On Preparing Students for an Exam While Deemphasizing Its Importance


In my post on "How What I Learned in Theatre Influences How I Teach Computer Science," I ended with the question, "is there a way to instruct students in what is really important that deemphasizes any required exam without being a detriment to it?" At the heart of this question is a confession that, while I hate standardized exams, I recognize they exist and I am still accountable to them. If you are a teacher, this is most likely your reality as well. The rest of "How What I Learned..." post described what I think is truly motivating and most important to glean from a good education. In my post, "How Github Makes Everything About Teaching CS Better", I explained what Github is, how I introduce it to students, and how my students use it on a day-to-day basis to collaborate. With this introduction of the theory and the tools aside, I'd like to finally write about what I do in my classroom to actualize my teaching philosophy. This post assumes a basic understanding of Github.

Take Some Time

Take Some Time

I have a very observant daughter. Sometimes, she's sorta like Navi in The Legend of Zelda, Ocarina of Time.* Even if the only word she can say is "Hey!", her attention to a certain, nearby objective is often so relentless that it begs to be addressed before continuing onward. For example, one time while she was riding in the stroller and Kay was in the backpack, a grey mitten fell off Kay and landed in the street as we crossed. Rae began to cry and point but didn't yet have the words to explain what she had seen. Because the color of the mitten had darkened from the water it absorbed, I couldn't even make it out against the asphalt. Still, Rae persisted. It wasn't until I conceding to walking back across the street that I finally recovered what had been lost, and it was all thanks to Rae.

How Github Makes Everything About Teaching CS Better

Before I began drafting the game design project, I spoke to a few people about how team projects are done in the professional world. One guy told me plainly, "If you aren't using Git, you're doing it wrong."

I knew I needed to learn how to use Git, but I couldn't figure out where to begin. I understood it was version management software that enabled multiple people to collaborate on a single project, but every tutorial I found made immediate assumptions about words I didn't understand. What was the difference between "Push" and "Commit"? Between "Pull" and "Fetch"? "Repository" and "Branch"? I was able to follow the tutorials, but the tutorials didn't give me an understanding of Git that made me feel comfortable teaching students, let alone debugging issues as they arose. What I needed was an all-in-one tutorial that explained Git like I was a ninth-grader.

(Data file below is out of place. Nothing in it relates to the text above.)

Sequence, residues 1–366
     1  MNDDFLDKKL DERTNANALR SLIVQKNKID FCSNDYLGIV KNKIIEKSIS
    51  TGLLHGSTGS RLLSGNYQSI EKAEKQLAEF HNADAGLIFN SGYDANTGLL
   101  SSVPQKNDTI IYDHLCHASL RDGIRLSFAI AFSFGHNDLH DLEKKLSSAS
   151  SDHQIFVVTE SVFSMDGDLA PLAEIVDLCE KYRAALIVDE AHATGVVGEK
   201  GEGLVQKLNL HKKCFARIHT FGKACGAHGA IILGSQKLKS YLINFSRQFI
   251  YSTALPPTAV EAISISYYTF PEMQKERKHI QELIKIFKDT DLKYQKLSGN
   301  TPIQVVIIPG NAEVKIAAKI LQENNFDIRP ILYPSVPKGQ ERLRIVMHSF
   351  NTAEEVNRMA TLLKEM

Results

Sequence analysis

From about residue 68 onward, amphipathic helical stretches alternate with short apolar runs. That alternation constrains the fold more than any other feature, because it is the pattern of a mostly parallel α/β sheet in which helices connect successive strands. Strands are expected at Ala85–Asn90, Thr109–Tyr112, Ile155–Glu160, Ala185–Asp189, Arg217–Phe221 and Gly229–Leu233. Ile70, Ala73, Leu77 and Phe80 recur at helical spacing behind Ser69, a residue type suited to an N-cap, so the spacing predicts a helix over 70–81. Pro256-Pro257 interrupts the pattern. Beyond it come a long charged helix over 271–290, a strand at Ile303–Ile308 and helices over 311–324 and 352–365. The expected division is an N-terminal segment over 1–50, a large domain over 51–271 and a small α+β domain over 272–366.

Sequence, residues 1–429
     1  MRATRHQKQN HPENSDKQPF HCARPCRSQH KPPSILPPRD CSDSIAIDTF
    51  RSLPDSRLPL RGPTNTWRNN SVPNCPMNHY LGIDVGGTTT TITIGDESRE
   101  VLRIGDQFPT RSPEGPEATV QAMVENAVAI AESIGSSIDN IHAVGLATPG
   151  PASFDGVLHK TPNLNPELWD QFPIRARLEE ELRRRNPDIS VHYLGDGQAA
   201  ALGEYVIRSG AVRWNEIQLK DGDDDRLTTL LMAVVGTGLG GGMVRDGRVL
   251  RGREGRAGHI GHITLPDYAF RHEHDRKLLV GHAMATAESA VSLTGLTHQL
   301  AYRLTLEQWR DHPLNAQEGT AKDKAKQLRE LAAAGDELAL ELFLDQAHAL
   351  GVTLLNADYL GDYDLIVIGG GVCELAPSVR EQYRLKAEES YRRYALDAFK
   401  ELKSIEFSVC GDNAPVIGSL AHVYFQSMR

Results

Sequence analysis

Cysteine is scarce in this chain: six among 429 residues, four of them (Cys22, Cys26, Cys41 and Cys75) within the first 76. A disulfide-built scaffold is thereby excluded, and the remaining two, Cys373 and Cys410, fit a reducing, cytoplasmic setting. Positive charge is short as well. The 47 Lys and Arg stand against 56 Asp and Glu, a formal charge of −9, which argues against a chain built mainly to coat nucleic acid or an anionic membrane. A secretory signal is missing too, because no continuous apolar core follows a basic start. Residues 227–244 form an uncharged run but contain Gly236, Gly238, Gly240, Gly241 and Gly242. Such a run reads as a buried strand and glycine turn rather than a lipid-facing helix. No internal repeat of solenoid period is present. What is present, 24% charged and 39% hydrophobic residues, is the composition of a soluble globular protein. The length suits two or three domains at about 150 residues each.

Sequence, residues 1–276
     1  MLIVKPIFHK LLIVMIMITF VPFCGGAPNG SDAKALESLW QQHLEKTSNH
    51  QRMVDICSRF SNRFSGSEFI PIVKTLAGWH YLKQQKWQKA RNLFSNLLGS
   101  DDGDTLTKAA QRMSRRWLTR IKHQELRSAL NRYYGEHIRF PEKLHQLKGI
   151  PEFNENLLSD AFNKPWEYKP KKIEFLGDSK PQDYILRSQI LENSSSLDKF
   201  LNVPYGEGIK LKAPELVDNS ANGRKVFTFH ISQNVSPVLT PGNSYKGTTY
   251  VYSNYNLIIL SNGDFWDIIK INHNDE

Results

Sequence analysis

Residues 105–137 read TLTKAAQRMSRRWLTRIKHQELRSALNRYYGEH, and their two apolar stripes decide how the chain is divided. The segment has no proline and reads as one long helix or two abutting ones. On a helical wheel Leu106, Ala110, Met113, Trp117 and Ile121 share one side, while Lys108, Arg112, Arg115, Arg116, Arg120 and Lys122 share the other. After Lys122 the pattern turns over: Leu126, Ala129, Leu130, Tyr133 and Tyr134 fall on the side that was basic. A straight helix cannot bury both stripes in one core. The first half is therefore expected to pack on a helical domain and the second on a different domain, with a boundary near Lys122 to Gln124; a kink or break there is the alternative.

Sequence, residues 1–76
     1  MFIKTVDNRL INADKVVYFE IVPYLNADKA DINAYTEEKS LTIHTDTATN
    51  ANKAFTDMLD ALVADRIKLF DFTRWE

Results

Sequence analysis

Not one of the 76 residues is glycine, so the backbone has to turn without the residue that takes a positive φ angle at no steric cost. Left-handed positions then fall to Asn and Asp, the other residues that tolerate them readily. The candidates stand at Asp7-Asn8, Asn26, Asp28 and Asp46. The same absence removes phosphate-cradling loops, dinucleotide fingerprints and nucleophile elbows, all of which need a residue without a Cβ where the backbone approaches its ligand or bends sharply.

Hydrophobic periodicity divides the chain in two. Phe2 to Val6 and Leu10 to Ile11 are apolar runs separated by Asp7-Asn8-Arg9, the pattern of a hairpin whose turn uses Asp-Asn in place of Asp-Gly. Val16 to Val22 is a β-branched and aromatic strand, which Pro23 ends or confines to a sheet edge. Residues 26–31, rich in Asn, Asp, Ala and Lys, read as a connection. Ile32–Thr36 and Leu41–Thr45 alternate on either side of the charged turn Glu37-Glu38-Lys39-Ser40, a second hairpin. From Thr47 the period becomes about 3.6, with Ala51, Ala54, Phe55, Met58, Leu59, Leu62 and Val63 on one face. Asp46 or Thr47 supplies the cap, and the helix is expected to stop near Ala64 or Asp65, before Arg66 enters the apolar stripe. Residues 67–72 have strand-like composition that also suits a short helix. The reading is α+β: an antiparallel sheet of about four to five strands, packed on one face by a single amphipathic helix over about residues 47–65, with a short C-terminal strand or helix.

How What I Learned in Theatre Influences How I Teach Computer Science

My first love was theatre. As a freshman in high school, I found it to be a welcoming and fun after school club. I auditioned for all of the shows, enrolled in the elective every year and participated in every event. Even while I began to discover my love for math through AP Calculus during my senior year, I was simultaneously absorbed with competing in the state monologue competition and auditioning for colleges. When Willamette University offered me an acting scholarship, the only reason I decided to double major in mathematics was because my grandparents asked me to consider a back-up plan. I was actually hoping to go into education anyway, so during a time when funding for the arts was constantly being cut, it sounded wise to keep my options open.

3D Printing

This year, I used my Math for America flex funds to buy a 3D printer for my geometry class. My goal is to desgn unique models to support the Common Core Standards in Mathematics. If you are aware of any other resources where one can find similar .stl files, please let me know in the comments and I will post the links here.

About 3D Printing


Top 10 Board Games

Top 10 Board Games

A good board game is one that is suited to your tastes and the dynamic of your gaming group. The best board game, then, is not the most popular board game necessarily, but the one that fits your own personal niche in a way no other board game can. The games that are most popular (Agricola, Twilight Struggle, Dominion, Pandemic) are really just the gateway to finding a more perfect game. This is my to ten list, which is to say, ten games that have had the most success at my table. Are they the best games of all time? For me, they definitely are, but they aren't all conventionally popular, and that's okay. If you want to know if these games are right for you, then understand the criteria that - for me - make a great board game: